PATTI HARTIGAN

Dance

STEP AFRIKA! Slaps, claps, stomps, and kicks — rhythm is king in stepping, a tradition which grew from African-based colleges. Arts Emerson: The World on Stage presents this spirited Washington, D.C. troupe, which for almost two decades has preserved, spread and kept vigorous this dynamic dance form. This one’s for the whole family. Nov. 7-9. Tickets: $25-$65. Cutler Majestic Theatre. 617-824-8400, www.artsemerson.org

EITHER SIDE OF NEW The Dance Complex’s new mentoring program “aMaSSiT” (stands for “a Make it/Share it/Show it”) presents new and newly revisited works by participants of the lab, as well as by those guiding the process – Complex director Peter DiMuro, independent choreographer/teacher Brian Feigenbaum, and Prometheus Dance co-directors Diane Arvanites and Tommy Neblett. Nov. 8-10. Tickets: $20. The Dance Complex, Cambridge. 617-547-9363, www.dancecomplex.org

HARVARD DANCE PROJECT This new faculty-led performance group makes its debut with “SEESAW,” a dance installation by Harvard University dance program director Jill Johnson. The work, which incorporates music ranging from classical to pop and texts by Confucius and Daumal, was created using crowd-sourcing and improvisation. Audiences are encouraged to roam the edges of the performance space for a variety of perspectives. Nov. 7-9. Tickets: $8. Harvard Dance Center, Cambridge. Reservations recommended. 617-495-8683, dance@fas.harvard.edu

KAREN CAMPBELL

Galleries

HANS HOFMANN: EARLY DRAWINGS The legendary artist made these drawings, some never exhibited, between the late 1930s and the mid-1940s. They include Cubist-inflected figurative abstractions and landscape sketches of Provincetown and Truro, made from his roadster. Through Jan. 11. ACME Fine Art, 450 Harrison Ave. 617-585-9551, www.acmefineart.com

JULIAN OPIE The British artist investigates time and space with his pared down portraiture. He juxtaposes stone mosaic portraits with digital ones. He fashions busts of his subjects using 3-D scanning, then paints them as if they were flat. Through Dec. 7.
Barbara Krakow Gallery, 10 Newbury St. 617-262-4490, www.barbarakrakowgallery.com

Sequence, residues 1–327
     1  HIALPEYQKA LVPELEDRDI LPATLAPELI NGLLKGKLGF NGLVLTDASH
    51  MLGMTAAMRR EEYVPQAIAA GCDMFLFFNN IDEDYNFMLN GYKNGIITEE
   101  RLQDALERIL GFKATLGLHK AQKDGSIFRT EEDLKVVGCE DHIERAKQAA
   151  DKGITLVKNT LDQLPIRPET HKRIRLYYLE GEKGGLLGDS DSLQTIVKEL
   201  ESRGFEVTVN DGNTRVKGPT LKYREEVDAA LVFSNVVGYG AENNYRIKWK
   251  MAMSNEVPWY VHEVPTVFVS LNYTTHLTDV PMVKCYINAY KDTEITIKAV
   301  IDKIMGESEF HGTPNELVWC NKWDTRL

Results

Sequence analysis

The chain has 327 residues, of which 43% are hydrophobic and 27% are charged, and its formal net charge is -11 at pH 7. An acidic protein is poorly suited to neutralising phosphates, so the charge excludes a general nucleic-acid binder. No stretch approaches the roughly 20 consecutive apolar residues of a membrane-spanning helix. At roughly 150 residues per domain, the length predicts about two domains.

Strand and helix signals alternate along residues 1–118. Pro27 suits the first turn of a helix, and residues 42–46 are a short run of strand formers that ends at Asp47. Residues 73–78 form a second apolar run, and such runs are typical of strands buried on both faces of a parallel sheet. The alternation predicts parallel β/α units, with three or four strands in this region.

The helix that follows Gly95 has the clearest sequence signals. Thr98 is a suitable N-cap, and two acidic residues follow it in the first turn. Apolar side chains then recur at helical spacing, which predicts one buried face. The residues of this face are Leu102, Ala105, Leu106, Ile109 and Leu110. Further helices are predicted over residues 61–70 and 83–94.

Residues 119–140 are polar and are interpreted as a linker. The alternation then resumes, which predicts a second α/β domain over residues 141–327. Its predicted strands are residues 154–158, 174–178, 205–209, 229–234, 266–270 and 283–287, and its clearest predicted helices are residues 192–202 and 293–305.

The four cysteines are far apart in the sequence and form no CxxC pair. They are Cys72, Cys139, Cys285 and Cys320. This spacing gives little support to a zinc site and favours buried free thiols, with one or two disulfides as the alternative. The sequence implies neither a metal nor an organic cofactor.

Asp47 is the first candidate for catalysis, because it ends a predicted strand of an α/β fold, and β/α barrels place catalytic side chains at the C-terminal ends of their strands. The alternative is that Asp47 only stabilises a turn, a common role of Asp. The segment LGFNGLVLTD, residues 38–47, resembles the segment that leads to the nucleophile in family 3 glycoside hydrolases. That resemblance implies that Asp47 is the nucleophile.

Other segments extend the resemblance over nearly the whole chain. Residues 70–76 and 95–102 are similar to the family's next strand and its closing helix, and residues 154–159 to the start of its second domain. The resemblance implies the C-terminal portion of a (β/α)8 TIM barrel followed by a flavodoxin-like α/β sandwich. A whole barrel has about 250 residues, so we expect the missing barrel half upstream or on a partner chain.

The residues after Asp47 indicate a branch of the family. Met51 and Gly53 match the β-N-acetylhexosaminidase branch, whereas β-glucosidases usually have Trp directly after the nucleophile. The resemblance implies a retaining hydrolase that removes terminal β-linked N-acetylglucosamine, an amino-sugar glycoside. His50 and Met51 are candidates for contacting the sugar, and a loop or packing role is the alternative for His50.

2013 NORTH AMERICAN PRINT BIENNIAL Boston Printmakers mounted their first show in a furniture store in 1948. There blossomed an ambitious biennial. Dennis Michael Jon, associate curator of prints and drawings at Minneapolis Institute of Arts, is this year’s juror. Through
Dec. 20. 808 Gallery, Boston University, 808 Commonwealth Ave. 617-353-3371, www.bostonprintmakers.org

NAOE SUZUKI: THE RIVER Her detailed drawings balance bursts of color with swarming patterns of gray to address the urgent topic of water – as healing agent, as carrier of contaminants, as vessel of life. Through Nov. 27. VanDernoot Gallery, Lesley University, 1815 Massachusetts Ave., Cambridge. 617-585-6656, www.lesley.edu

CATE MCQUAID

Museums

2013 DECORDOVA BIENNIAL New England’s contemporary artists are featured in this closely watched survey featuring work in all media. Through April 13. deCordova Sculpture Park and Museum, Lincoln. 781-259-8355, www.decordova.org

SACRED PAGES: CONVERSATIONS ABOUT THE QUR’AN Pages selected from 25 Qur’ans, ranging from the 7th century to contemporary, in the collection of the MFA, complemented by commentaries from Boston’s Islamic community. Through Feb. 23. Museum of Fine Arts. 617-267-9300, www.mfa.org

LIGHT YEARS: JACK WHITTEN 1971-1973 Large-scale abstract paintings, never previously exhibited, as well as smaller canvases and drawings from a turning point in the career of the celebrated experimental painter. Through Dec. 8. Rose Art Museum, Waltham. 781-736-3434, www.brandeis.edu/rose

SEBASTIAN SMEE

CHRIS MARKER: GUILLAUME-EN-ÉGYPTE A sprawling, engrossing retrospective, spread over two sites, of this one-of-a-kind filmmaker/photographer/visionary’s career. Through Jan. 5. MIT List Visual Arts Center. 617-253-4680. Through Dec. 22, Carpenter Center for the Visual Arts, Harvard University. 617-495-3251

MARK FEENEY